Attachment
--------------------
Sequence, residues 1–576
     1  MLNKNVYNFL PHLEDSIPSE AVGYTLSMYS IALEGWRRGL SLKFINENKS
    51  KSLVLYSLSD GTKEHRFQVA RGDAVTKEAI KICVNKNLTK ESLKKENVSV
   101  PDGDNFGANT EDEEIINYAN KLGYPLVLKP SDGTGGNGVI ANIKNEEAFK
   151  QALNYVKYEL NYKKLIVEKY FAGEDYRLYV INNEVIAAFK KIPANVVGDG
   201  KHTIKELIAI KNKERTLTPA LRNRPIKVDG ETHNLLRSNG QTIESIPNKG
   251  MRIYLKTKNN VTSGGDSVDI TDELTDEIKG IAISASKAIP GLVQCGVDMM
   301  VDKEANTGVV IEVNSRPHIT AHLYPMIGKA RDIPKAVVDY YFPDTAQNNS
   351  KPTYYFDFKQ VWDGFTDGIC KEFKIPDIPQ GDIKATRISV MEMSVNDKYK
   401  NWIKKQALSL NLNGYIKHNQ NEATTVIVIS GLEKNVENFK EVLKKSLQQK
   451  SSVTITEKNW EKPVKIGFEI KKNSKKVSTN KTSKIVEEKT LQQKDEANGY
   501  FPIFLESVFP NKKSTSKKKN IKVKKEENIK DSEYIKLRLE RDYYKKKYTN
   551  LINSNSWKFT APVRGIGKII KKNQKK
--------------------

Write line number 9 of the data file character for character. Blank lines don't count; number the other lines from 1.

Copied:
   351  KPTYYFDFKQ VWDGFTDGIC KEFKIPDIPQ GDIKATRISV MEMSVNDKYK